House Intelligence Committee opens two weeks of public hearings with a dozen current and former career foreign service officials and political appointees who testify about efforts by Trump and others to pressure Ukraine to investigate Trump's political rivals. Career diplomat William Taylor, the charge d'affaires in Kyiv, offered surprising new testimony that Trump was overheard on a telephone call asking about "the investigations" of Democrats he wanted Ukraine to pursue. Former U.S. Ambassador to Ukraine Marie Yovanovitch recounted how threatened she felt to learn that Trump had promised Zelenskiy that she was "going to go through some things." Trump tweeted fresh criticism of Yovanovitch as she testified. Sondland testified that a "quid pro quo" existed and that "everyone was in the loop. It was no secret." And Fiona Hill, Trump's former Russia adviser, said Sondland was running a "domestic political errand" and she had warned him it would "blow up."
Trump releases a rough transcript of the congratulatory phone call he had with Zelinskiy on April 21 and holds it out as evidence that he had done nothing wrong.
Pence says he has no recollection of a conversation Sondland described having with him about a link between military aid for Ukraine and investigations sought by Trump. Sondland had testified that he spoke with Pence before a Sept. 1 meeting with Ukrainian officials and expressed "concerns that the delay in aid had become tied to the issue of investigations." Pence tells a Wisconsin TV station that he did not recall the conversation. A top Pence aide had said the call "never happened."
A 300-page report prepared by Democrats on the House Intelligence Committee finds "serious misconduct" by the president.
The House Judiciary Committee holds its first hearing in the impeachment inquiry while Trump attends a NATO conference in London.
Pelosi announces that she has asked the relevant House committee chairs to begin drawing up articles of impeachment against Trump, saying his actions left them "no choice" but to act swiftly. In response, Trump tweets that Democrats have "gone crazy."
In a hearing before the House Judiciary Committee, Democrats outline their case against Trump by saying his push to get Ukraine to investigate Biden while withholding U.S. military aid ran counter to US policy and benefited Russia as well as himself. Republicans reject the assertions.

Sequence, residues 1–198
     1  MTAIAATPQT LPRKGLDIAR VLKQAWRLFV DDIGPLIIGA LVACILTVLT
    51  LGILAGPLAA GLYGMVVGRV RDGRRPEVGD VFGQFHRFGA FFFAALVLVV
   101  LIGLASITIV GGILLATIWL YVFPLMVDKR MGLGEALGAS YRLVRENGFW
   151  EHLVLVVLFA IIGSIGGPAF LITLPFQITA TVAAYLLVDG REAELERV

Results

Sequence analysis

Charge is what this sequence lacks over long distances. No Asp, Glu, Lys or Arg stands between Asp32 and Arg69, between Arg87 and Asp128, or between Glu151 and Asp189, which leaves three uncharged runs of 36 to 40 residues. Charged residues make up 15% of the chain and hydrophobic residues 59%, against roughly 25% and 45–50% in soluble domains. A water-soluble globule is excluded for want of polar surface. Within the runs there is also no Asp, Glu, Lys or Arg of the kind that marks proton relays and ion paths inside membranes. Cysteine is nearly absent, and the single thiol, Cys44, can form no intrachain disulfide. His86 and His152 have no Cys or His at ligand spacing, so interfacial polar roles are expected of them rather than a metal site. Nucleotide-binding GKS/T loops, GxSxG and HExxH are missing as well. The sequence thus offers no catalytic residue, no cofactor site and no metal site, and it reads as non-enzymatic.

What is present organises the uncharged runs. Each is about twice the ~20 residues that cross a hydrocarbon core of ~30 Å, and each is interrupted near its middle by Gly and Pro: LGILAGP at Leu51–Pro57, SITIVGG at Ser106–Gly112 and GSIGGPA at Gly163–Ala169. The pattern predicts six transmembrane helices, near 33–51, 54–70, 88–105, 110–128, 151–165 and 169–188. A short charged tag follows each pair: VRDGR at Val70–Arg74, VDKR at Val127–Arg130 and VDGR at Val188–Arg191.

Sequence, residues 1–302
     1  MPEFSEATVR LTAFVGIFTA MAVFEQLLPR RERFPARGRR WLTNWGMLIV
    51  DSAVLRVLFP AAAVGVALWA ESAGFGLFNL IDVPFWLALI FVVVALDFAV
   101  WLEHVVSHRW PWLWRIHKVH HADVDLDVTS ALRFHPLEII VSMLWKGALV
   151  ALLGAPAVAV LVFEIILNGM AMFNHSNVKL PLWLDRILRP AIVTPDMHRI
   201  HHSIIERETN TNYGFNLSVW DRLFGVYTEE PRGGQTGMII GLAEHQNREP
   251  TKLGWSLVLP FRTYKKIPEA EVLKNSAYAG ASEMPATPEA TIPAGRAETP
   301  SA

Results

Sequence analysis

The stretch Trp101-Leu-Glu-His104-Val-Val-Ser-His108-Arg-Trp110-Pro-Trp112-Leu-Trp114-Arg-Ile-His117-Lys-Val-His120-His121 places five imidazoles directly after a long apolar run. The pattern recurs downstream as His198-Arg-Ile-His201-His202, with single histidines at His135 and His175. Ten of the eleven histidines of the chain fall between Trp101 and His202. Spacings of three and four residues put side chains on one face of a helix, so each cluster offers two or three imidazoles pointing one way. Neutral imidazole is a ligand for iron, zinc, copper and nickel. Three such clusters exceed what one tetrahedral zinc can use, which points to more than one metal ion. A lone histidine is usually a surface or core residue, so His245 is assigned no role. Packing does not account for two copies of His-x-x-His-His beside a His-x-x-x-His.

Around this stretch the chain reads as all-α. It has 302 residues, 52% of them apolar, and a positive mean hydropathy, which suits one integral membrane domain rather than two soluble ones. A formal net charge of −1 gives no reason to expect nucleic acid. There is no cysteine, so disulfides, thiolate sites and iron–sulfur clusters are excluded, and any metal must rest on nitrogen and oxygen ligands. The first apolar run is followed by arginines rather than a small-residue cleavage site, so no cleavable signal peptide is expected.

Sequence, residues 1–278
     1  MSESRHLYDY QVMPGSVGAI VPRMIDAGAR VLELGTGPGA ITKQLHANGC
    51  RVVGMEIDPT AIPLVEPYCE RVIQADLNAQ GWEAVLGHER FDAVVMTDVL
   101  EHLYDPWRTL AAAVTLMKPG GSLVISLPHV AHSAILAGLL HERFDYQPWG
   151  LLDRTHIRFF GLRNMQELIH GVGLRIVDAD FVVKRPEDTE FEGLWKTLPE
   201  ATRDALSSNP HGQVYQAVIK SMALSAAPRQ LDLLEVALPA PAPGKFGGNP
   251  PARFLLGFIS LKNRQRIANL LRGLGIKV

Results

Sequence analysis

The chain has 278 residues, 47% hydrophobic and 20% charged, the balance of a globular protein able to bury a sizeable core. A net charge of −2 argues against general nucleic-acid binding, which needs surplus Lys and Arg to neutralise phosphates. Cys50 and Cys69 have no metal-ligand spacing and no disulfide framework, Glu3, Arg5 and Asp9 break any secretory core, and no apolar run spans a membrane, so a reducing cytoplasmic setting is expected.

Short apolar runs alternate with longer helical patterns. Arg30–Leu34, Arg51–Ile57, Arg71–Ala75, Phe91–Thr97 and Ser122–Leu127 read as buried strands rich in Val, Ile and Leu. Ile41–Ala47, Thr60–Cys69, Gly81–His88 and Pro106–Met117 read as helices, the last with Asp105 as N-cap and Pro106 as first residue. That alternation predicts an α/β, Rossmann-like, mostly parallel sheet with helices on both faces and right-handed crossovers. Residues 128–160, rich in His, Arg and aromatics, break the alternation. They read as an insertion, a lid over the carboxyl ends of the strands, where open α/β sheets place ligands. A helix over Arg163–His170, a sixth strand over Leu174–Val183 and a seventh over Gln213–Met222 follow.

Pelosi and the relevant House committee chairs announce two articles of impeachment against Trump, for abuse of power and for obstruction of justice, over charges that he threatened the integrity of US elections and endangered national security in his dealings with Ukraine. Trump responds by tweeting "WITCH HUNT!"
House Judiciary Committee approves two articles of impeachment against Trump, sending them to the full House.
Trump is impeached by the House, becoming only the third American chief executive to be formally charged under the Constitution's ultimate remedy for high crimes and misdemeanors.
Former White House national security adviser John Bolton says he is "prepared to testify" if he is subpoenaed by the Senate in its impeachment trial.
The House votes to send two articles of impeachment against Trump to the Senate.
The US Senate opens the impeachment trial with quiet ceremony - senators standing at their desks to swear an oath of "impartial justice" as jurors.
Schiff, the lead impeachment prosecutor, makes an an impassioned plea for removing Trump from office, framing the choice in moral terms. "If right doesn't matter, we're lost," he said.
The president's lawyers plunge into his impeachment trial defense by accusing Democrats of striving to overturn the 2016 election, arguing that investigations of Trump's dealings with Ukraine have not been a fact-finding mission but a politically motivated effort to drive him from the White House.
The Republican-controlled Senate acquits Trump on two impeachment charges amid GOP complaints about what they called a rushed process and Democratic claims that Trump is a threat to democracy. The historic, three-week trial had proceeded largely along partisan lines, with just one senator - Republican Mitt Romney of Utah - breaking with his party.